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Two revelers slide through crushed tomatoes during the La Tomatina festival. (Jose Miguel Fernandez de Velasco/Demotix/Corbis)
Festival-goers at La Tomatina, a festival that bills itself as "the world's biggest food fight."
Thousands of festival-goers surround a float at La Tomatina, dubbed "the world's largest food fight." (Salva Garrigues/Demotix/Corbis)
Revelers are splattered with tomatoes during the yearly La Tomatina festival in Bunol, Spain. (Jose Miguel Fernandez de Velasco/Demotix/Corbis)
Festival-goers hurl tomatoes at the crowd from a float. (Jose Miguel Fernandez de Velasco/Demotix/Corbis)
A festival-goer takes a break during the annual La Tomatina food fight in Bunol, Spain. (Jose Miguel Fernandez de Velasco/Demotix/Corbis)
A man "swims" against a current of crushed tomatoes during the La Tomatina festival in Bunol, Spain. (Jose Miguel Fernandez de Velasco/Demotix/Corbis)
A man hurls tomatoes at the crowd from a float during La Tomatina festival. (Salva Garrigues/Demotix/Corbis)
Thousands of revelers throw tomatoes at each other during the Tomatina festival. (Salva Garrigues/Demotix/Corbis)
Residents clean tomato residue from the streets and buildings of Bunol, Spain. (Jose Miguel Fernandez de Velasco/Demotix/Corbis)

Photos from La Tomatina, the World's Biggest Food Fight

On the last Wednesday of August each year, a small Spanish town erupts into a food fight featuring tomato-throwing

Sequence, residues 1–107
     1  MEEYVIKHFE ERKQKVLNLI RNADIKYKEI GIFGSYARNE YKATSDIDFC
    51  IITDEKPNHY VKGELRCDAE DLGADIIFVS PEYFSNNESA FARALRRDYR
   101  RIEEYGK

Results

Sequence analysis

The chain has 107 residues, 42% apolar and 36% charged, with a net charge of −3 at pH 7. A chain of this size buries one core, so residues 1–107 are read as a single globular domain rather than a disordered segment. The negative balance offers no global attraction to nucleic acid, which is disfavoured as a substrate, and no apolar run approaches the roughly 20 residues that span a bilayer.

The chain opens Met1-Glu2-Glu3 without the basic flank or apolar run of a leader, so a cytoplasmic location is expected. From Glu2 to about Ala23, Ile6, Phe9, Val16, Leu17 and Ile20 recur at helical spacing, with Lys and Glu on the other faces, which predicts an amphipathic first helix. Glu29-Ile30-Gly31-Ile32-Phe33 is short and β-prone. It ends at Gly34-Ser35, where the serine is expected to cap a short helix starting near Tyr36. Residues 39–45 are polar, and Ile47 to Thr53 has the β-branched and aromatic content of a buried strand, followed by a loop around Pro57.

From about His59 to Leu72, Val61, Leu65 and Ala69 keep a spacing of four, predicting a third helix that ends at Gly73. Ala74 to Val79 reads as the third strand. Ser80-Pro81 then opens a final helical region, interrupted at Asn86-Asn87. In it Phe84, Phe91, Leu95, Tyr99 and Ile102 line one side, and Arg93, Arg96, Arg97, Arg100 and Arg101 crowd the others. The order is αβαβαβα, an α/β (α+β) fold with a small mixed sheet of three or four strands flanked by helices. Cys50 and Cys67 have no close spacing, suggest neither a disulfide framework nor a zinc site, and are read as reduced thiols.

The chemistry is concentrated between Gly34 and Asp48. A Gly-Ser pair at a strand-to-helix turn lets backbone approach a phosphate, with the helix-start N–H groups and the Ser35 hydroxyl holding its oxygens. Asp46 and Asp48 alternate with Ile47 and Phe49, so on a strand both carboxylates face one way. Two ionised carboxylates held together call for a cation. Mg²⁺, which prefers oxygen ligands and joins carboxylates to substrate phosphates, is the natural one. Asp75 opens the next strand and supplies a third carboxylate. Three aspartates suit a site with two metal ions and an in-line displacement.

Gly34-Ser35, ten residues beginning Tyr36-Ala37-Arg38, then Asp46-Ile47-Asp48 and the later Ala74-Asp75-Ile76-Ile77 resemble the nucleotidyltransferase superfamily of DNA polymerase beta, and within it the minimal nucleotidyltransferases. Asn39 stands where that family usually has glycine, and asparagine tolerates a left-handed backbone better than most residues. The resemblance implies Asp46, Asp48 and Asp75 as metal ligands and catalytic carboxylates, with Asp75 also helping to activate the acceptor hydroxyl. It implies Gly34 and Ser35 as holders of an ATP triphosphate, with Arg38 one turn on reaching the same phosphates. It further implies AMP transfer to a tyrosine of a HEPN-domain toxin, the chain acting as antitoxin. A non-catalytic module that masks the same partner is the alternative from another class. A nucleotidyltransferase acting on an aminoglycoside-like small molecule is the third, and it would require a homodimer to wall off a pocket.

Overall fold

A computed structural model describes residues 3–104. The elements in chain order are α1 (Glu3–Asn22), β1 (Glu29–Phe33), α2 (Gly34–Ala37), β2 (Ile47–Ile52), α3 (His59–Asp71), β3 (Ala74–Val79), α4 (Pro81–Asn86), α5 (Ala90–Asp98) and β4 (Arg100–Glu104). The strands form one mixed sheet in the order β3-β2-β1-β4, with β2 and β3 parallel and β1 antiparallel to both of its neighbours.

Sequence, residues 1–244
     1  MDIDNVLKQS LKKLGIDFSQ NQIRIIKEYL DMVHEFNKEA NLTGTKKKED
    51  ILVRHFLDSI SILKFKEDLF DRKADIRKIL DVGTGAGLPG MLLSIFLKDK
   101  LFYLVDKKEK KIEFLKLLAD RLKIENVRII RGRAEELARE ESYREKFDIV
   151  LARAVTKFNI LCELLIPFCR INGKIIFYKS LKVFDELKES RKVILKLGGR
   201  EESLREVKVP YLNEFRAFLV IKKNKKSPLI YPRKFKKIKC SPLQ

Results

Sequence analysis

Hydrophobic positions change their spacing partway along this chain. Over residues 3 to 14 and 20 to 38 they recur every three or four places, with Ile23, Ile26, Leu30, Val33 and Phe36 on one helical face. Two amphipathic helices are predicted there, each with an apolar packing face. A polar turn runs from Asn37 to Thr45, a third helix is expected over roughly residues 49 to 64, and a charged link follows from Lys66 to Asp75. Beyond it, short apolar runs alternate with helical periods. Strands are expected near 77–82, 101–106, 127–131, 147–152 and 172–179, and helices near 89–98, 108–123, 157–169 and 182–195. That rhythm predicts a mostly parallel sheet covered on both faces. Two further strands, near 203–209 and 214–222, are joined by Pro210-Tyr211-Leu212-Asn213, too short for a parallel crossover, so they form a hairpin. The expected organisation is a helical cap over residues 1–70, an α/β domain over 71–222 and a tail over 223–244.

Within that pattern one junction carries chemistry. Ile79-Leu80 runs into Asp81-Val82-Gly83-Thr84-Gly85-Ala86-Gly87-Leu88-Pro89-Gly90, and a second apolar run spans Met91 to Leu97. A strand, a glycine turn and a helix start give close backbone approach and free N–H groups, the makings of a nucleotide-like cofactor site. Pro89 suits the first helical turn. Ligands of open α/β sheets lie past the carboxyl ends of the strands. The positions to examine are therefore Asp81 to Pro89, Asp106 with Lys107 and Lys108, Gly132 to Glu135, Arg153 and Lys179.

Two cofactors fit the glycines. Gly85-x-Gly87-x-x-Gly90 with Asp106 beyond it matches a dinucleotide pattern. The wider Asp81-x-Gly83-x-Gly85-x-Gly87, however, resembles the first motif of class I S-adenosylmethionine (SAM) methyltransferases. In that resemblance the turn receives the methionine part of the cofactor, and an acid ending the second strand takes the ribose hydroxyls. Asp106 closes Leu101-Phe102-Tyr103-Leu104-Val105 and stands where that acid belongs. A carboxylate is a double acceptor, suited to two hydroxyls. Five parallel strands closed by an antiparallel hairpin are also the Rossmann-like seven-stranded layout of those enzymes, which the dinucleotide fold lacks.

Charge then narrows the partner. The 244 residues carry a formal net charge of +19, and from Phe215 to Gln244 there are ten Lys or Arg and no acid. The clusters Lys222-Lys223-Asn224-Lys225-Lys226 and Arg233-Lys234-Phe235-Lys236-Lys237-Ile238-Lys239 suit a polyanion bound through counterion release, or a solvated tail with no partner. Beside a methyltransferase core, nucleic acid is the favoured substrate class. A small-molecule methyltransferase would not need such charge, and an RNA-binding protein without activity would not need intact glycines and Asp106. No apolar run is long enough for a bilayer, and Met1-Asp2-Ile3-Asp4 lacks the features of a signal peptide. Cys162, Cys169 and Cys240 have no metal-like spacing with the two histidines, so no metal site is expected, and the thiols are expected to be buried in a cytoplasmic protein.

smithsonian.com

If you happen to find yourself in the small Valencian town of Buñol on the last Wednesday in August, you'd better wear your galoshes and goggles: that's the day that the entire town—along with some 22,000 tourists—erupts into the world's biggest food fight, throwing tomatoes at one another in an hour-long frenzy of blood-red pulp and seeds. The festival, known as La Tomatina, has been a major draw for the Spanish town since it began in 1945. The roots of the event go back to a couple of rowdy children who barged into a parade after being barred from entering; in doing so, they accidentally knocked one of the festival's participants to the ground. Furious, the man leapt to his feet and grabbed tomatoes from a nearby produce stand, flinging them at the rambunctious children. The event quickly expanded, bringing as many as 40,000 tourists into the tiny town in 2012 (effectively quadrupling its normal population of 9,000). The influx of tourists helped to make the festival a major international attraction, but over-crowding also led to safety concerns. In 2013, to curb crowds, the city began charging outsiders an admission fee of €10 ($13). This year, ticket sales brought €170,000 (around $224,000) in revenue to the town.

Buñol is famous for its tomato production, but the festival demands a tomato-repository of almost epic proportions—this year, participants threw 250,000 pounds of tomatoes, grown especially for the festival, at one another.

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